Take this paycheck and allocate it

Advisers need to do a better job of helping clients save, says consumer finance expert

Feb 24, 2012 @ 11:36 am

By Jeff Benjamin

Focusing on consumer spending habits might be the key to steering more money toward retirement savings.

Matt Fellowes, chief executive of HelloWallet, presented that message yesterday to money managers and advisers at the Morningstar Ibbotson conference in Hollywood, Fla.

The not-so-subtle emphasis on behavioral finance is designed to help the financial services industry stop some of the $85 billion in annual “leakage” that is leaving retirement plans.

According to Mr. Fellowes, Americans not only are $6 trillion behind in their retirement savings, but they are also following a nasty habit of pulling money out of qualified accounts prior to retirement.

Of that $85 billion, he said $74 billion is leaving by simple cash-outs when changing jobs, $9 billion is the result of hardship withdrawals, and $1 billion is represented by retirement account loans that are not being repaid.

“Retirement savings is not the focus for most households, so we've got to help workers more effectively allocate their paychecks,” Mr. Fellowes said.

Part of the problem, he explained, is that most workers feel like they are living paycheck to paycheck. “It doesn't matter if they actually are living paycheck to paycheck, the fact is 70% of workers feel like they are,” he said.

Because the idea of funding retirement often is seen as a faraway and insurmountable concept, Mr. Fellowes wants the financial services industry to guide consumers to focus more on present-day spending habits.

And by showing investors where spending can be reduced, he said, financial advisers will be able to start the conversation about putting that extra money into retirement savings.

The savings can be large or small, but it can be found virtually everywhere in a typical household, Mr. Fellowes said.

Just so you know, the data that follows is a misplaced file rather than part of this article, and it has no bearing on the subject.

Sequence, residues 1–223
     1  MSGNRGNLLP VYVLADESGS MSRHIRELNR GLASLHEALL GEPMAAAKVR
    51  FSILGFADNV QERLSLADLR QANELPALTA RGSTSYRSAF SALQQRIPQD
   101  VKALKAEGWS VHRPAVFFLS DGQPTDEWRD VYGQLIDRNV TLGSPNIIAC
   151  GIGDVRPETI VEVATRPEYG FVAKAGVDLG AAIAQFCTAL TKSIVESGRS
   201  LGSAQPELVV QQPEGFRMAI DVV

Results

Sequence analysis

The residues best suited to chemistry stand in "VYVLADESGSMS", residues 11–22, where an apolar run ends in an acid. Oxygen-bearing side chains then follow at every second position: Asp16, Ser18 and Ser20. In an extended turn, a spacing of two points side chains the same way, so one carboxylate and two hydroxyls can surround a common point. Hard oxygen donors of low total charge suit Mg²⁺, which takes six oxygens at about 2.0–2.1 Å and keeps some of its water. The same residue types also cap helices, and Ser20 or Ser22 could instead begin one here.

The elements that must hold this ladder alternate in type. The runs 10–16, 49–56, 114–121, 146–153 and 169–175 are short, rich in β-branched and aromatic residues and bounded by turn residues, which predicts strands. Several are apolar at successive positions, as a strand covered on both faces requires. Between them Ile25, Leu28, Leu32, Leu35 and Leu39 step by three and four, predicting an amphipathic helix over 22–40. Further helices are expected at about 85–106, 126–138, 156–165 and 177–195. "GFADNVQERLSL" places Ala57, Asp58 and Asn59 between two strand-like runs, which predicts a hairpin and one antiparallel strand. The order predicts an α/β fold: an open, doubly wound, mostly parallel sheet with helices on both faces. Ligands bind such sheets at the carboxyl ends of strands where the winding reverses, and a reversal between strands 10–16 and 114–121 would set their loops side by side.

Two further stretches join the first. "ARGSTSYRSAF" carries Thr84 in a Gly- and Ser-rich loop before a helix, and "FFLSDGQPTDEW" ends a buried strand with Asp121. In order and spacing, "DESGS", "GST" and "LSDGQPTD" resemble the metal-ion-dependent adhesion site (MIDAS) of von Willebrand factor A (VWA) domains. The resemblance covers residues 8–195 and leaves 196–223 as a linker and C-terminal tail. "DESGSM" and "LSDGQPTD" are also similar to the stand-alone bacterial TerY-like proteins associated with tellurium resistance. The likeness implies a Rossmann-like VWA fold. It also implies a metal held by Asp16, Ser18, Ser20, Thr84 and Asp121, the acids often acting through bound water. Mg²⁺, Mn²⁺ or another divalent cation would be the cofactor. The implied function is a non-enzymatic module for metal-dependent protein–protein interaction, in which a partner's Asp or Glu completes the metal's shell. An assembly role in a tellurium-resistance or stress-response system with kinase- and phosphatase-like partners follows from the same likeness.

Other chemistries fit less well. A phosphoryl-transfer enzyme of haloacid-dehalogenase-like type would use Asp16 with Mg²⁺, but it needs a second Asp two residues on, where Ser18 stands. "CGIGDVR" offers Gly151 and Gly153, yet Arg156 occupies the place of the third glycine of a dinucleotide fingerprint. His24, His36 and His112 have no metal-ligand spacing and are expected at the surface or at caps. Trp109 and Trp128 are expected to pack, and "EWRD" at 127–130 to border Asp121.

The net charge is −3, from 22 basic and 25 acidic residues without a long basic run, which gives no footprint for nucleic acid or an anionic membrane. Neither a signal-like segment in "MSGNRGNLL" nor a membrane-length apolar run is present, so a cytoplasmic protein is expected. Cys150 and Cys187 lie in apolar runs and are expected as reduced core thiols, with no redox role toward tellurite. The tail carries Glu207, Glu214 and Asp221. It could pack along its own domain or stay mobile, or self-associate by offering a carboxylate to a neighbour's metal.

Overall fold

“Housing, food, and utilities lead the list of household expenditures, but none of those expenses are fixed over the long-term,” he said. “There are lots of inefficiencies in how most Americans consume products and services.”

For example, he pointed out that Americans spend about $38 billion on bank overdraft fees annually, when half of U.S. households have savings accounts at the same bank that could be linked to a checking account as a way of preventing overdraft fees.

Another example is how many people have not yet taken advantage of the historically low mortgage rates.

“We know that about 30% of fixed-rate mortgages are currently paying above what they could be paying,” he said. “Conservatively estimated, that's costing consumers $60 billion.”

Money can even be saved on something as basic as household appliances, he said, where “prices can vary by 10% from one store to the next.”

“Most people don't know how much money they're spending; and they certainly don't know what kind of interest they're paying on their credit cards,” he said. “We're not talking to people about retirement by doing this, we're talking to them about spending and that's relevant to what people are thinking about.”

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